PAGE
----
February 7, 2023
The data your recruiting team needs to be recession-proof
Content Marketing Manager
August 11, 2022
While layoffs and hiring freezes are grabbing headlines, it’s still prime recruiting season for a lot of companies. Whether you’re in the midst of a hiring surge or you're experiencing a summer slowdown, taking time to step back and potentially reset some of your recruiting processes is vital. Now is the time to clean up processes and take actionable steps toward strategic recruiting so you have high-quality talent pipelines for both immediate and future hiring needs.
To this end, Gem and Codesignal recently co-hosted a webinar with top thought leaders in the recruiting industry to discuss how to manage your recruiting teams in times of uncertainty so they continue to add value to and improve your organization.
This webinar included a panel discussion from Robyn Watson, Senior Customer Talent Advisor at Gem, Ellen Markman, Director of Recruiting at CodeSignal, Hetal Shah, Director of Recruiting at Handshake, and Sophia Han, Head of Tech Recruiting at Brex, where they shared their expertise and insight on topics like:
happening in the hiring market
Initiatives or projects you should prioritize during slow periods or times of uncertainty
Increasing the efficiency of your recruiting tech stack
How recruiting leaders can make easier adjustments to the abrupt stop/start we often see in hiring
Ways to win over talent that may be hesitant to switch jobs in this economic climate
Best practices after you’ve experienced a period of hypergrowth
How to position your team to become a more strategic business partner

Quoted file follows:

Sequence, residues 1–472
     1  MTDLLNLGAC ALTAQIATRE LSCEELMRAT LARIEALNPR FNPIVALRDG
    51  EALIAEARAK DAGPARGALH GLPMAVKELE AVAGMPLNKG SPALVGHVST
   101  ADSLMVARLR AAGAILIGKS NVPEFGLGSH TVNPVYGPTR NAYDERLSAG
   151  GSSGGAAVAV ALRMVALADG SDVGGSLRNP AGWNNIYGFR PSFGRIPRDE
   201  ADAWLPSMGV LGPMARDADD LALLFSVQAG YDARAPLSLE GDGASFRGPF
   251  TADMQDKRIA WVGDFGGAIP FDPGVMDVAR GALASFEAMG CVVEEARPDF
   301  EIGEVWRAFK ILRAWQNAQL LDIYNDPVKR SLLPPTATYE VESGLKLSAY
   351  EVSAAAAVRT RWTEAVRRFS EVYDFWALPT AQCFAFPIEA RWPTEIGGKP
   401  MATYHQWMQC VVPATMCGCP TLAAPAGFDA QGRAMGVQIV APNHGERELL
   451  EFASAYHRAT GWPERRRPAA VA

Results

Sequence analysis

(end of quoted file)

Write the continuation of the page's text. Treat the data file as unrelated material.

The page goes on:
And much more! If you’d like to watch the full webinar (which we would recommend!), you can view it here: Leading Recruiting Teams in Times of Uncertainty.
We had some fantastic audience participation, including many great questions we didn’t have time to answer during the webinar, so we wanted to make sure we had a chance to answer some of them for you now.
Side note: We received almost 50 attendee questions (shoutout to our amazing audience!), but to keep things applicable to everyone and to save us some time, we chose the top 12 questions to answer.
Ellen Markman: In a hiring slowdown, I would recommend building subject matter expertise through talent and company mapping. In addition, you can take this downtime to grow your passive candidate networks, especially with difficult-to-hire candidate populations. Finally, this time may offer a bit of breathing room to conduct recruiting data analysis and share insights on things like the relative strength of various candidate sources, the predictive value of early-stage interviews, the accuracy of leveling, interviewer calibration, and passthrough rates.